fs::current_path() in line 11 returns the current path. You can create a directory hierarchy (line 14) with std::filesystem. Line 18 looks a little bit odd. The /= is overloaded for a path. Therefore I can directly create a symbolic link in line 19. You can check the properties of a file (line 21 - 23).   The call recursive_directory_iterator in line 26 is quite powerful. You can use it to recursively traverse directories. Of course, I can not remove a directory (line 28) on an online compiler.

Here is the output of the program.

filesystem

What has the new data type std::any, std::optional, and std::variant in common? They are based on boost.

std::any

std::any will be the right choice if you want to have an container with an arbitrary type. Arbitrary type is not hundred percent correct. std::any requires, that its values must be copyable. Here is a short example.

 

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// any.cpp

#include <iostream>
#include <string>
#include <vector>
#include <any>

struct MyClass{};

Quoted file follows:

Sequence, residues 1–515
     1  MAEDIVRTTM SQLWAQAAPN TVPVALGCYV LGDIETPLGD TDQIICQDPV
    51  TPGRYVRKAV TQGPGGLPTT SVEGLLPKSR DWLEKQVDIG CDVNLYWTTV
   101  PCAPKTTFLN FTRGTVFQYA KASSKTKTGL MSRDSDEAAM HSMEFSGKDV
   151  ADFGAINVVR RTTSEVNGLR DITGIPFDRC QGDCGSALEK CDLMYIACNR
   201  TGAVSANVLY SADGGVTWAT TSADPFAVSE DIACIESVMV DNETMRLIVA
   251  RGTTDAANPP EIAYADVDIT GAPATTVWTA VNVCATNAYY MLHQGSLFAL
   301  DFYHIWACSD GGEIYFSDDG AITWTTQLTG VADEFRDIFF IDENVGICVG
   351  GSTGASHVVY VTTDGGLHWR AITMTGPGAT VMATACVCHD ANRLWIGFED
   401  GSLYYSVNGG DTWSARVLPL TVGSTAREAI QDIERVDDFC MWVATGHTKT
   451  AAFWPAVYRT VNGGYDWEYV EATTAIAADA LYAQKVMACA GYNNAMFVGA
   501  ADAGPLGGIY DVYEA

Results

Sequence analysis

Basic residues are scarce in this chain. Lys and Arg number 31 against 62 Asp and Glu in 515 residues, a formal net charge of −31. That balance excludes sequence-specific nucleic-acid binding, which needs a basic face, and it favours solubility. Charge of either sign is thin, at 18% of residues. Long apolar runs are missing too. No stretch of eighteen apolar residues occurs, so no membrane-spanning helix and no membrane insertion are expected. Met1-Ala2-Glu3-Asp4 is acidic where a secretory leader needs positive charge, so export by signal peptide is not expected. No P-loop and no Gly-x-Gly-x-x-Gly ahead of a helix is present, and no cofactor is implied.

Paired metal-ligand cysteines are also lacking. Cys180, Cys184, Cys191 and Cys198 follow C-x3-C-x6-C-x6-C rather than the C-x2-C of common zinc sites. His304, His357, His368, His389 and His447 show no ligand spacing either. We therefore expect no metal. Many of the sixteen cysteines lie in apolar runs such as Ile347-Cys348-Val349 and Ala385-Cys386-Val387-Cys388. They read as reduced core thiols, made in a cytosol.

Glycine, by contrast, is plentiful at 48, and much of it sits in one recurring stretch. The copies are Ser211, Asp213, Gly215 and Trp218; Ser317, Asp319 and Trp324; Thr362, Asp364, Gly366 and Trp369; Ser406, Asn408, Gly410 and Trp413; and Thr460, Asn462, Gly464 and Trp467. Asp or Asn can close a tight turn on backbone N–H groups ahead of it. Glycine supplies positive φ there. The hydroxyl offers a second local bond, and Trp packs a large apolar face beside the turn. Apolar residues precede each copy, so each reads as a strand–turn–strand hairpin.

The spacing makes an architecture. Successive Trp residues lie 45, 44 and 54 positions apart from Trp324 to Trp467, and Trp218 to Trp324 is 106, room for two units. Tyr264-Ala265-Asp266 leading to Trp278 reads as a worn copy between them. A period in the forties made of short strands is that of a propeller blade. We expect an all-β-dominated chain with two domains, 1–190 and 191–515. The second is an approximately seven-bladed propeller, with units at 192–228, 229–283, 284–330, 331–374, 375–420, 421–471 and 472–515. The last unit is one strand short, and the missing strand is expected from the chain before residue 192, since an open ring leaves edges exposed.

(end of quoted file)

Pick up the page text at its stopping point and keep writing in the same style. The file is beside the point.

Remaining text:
int main(){
    
    std::cout << std::boolalpha;
    
    std::vector<std::any> anyVec(true,2017,std::string("test"),3.14,MyClass());
    std::cout << "std::any_cast<bool>anyVec[0]: " << std::any_cast<bool>(anyVec[0]); // true
    int myInt= std::any_cast<int>(anyVec[1]);                                        
    std::cout << "myInt: " << myInt << std::endl;                                    // 2017
    
    std::cout << std::endl;
    std::cout << "anyVec[0].type().name(): " << anyVec[0].type().name();             // b
    std::cout << "anyVec[1].type().name(): " << anyVec[1].type().name();             // i
    
}

 

The output of the program is in the source code. Line 14 defines a std::vector<std::any>. To get one of its elements, you have to use std::any_cast. If you use the wrong type, you will get an std::bad_any_cast exception. For further details, go to cppreferenc.com or wait for my additional post.

std::any can have values of arbitrary types, std::optional can have a value or no value.

std::optional

I will make it rather short. In the post Monads in C++, I already wrote about the monad std::optional.

The third new data type from boost is std::variant.

std::variant

A std::variant a type-safe union. An instance of std::variant has a value from one of its types. The type must not be a reference, array or void. A union can have one type more than once. A default-initialized std::variant will be initialized with its first type. Therefore, the first type must have in this case a default constructor. Here is an example, based on cppreference.com.